Alarm Properties

Alarm Operator, Alarm Warn Value and Alarm Critical Value

An alarm is triggered if certain conditions are met. The value obtained is compared to the two values in one of four ways:

Table 9.2. Alarm Operators

<>not equal
<less than
>greater than

These are referred to as the Alarm Operator. The values compared to are referred to as 'Alarm Warn Value' and 'Alarm Critical Value'. Here is an example with the 'equal' operator:

  • if value = CriticalValue then state critical
  • if the condition above is not met then
  • if value = WarningValue then state warning
  • if none of the above match then all is OK

Another example with the > indicator:

  • if value > CriticalValue then critical state
  • if the condition above is not met then
  • if value > WarningValue then warning state
  • if none of the above match then all is OK

If the Host of an Alarm matches the FQDN or IP of a device (and is in the same Workspace) then the Alarm is said to be attached to the Device. If the Device has focus then the properties of the alarm target will be displayed along with the device properties. If the 'Side Bar' has 'Graph' selected, then a representation of the alarm state is displayed in a graph form. Beneath the graph representation, the up-time of the alarm will be shown. This is the % of time the alarm target spends in each state.

The amount of time displayed on the graph of an alarm target can be controlled by the Timeline. This appears above the alarm graphs in the side panel. The blue section of the Timeline represents the amount of time currently displayed. The toolbar above the Timeline allows for zooming in and out of the time period shown. The Timeline can also be shifted forward and backward with the toolbar. The dotted edge of the Timeline can be dragged so the graph shows more or less time. This enables you to select an interval and examine the state of the hosts in detail for the required period. The blue section can be dragged backwards and forwards. This moves the time shown in the alarm graphs backwards and forwards.

Figure 9.10. Timeline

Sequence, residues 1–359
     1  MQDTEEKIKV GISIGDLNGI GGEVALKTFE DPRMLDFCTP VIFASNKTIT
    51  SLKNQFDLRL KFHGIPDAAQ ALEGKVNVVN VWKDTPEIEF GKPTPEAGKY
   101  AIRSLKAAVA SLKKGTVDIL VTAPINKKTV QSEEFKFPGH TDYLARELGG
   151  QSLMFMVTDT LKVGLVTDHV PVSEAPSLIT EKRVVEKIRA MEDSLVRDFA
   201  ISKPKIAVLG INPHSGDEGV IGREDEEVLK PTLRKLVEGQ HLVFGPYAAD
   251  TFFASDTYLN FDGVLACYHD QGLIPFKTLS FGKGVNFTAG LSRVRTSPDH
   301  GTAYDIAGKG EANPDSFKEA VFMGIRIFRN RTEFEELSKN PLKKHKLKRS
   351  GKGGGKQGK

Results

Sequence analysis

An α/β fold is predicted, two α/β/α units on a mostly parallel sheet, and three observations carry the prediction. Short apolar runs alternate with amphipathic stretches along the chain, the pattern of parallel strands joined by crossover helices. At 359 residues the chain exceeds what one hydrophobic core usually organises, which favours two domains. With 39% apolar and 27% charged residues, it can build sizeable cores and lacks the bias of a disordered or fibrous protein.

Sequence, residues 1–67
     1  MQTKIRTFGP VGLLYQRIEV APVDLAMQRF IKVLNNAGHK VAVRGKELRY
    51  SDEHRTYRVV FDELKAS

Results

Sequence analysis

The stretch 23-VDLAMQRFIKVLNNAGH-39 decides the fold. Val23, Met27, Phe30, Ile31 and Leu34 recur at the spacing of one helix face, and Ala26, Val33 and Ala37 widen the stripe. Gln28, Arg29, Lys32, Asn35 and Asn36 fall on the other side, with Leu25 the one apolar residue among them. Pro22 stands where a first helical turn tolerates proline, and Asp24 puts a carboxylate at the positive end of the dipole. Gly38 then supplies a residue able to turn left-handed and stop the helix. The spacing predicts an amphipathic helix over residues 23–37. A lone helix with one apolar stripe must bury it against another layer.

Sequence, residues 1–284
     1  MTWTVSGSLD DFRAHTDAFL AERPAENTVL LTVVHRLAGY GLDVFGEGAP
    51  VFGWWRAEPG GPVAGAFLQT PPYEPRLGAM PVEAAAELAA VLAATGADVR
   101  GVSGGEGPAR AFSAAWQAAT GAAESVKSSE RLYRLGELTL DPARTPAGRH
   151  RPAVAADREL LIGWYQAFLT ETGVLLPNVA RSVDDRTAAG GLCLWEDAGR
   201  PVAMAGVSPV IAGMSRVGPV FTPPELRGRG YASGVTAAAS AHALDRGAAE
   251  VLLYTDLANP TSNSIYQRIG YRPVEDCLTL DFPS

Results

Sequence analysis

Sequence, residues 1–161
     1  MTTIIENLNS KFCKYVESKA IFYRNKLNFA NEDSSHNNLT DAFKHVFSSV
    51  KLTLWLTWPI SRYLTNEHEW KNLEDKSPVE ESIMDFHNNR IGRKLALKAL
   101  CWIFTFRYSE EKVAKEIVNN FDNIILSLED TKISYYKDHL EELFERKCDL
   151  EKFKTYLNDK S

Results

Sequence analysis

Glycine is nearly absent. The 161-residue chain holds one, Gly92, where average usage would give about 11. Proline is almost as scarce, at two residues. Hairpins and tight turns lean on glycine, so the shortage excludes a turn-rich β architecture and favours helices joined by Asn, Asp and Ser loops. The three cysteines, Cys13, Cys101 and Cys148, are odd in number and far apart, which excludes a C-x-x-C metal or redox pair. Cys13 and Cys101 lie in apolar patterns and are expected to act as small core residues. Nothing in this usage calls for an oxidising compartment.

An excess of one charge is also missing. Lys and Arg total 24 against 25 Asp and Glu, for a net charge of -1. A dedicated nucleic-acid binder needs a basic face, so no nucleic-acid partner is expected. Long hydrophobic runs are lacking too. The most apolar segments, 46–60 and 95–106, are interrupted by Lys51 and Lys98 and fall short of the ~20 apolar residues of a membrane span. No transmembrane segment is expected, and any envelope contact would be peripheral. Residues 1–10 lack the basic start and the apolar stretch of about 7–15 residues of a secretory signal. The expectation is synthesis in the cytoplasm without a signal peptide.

Any change in an alarm state is recorded in the logs.

Right clicking on a device with alarms attached will offer some useful functions. The first is to add an alarm to the host. You will not need to set the host if the wizard is started from this point. The option 'Check all Alarms Now' will ask the Aquirer for all alarms attached to the device to perform a test now. You will not need to wait for the scheduled next execution. The option to enable or disable all actions is also present. If a host is being brought down for maintenance and you do not want all the actions for the failures to be executed, disabling all actions could be very useful. Once the host is brought back on line you could enable the action and have all the targets 'Checked Now' to see if the host has started correctly. The option to reset all uptime counter's can also be found on this right click. You will also find the shortcuts to internal and external tools here, but more about those later.

If the workspace has focus and the 'Side Bar' is set to 'Graphs', a general health pie status graph for all hosts or services on the workspace will be shown. The 'Host Status' pie chart shows the number of hosts with all services OK, the number with some Critical and the number with some Warning. Hosts that have no checks are also represented. The tool bar allows you to select the 'Show Service Status' pie chart. This pie chart shows the number of services in each status as opposed to hosts with some services in a certain status.

Also See: Chapter 12, Logs

and Value With

This value can be used to mask out a specific bit from the result obtained for the Target query. This can be very useful if the value obtained contains the status for more than one item. Lets say a value obtained shows the status of two different ports. The first port uses bit 1 to indicate all is OK, and second port uses the second bit. To get only the status of port one set the 'and Value With' 1, and for the second 2. You will need two different targets to test both.

Net-Probe performs a bitwise and on the resulting value of the target with the value specified. Setting the value to 0 disables the feature. Deleting the value will also disable it.

Copyright (c) Warren Flemmer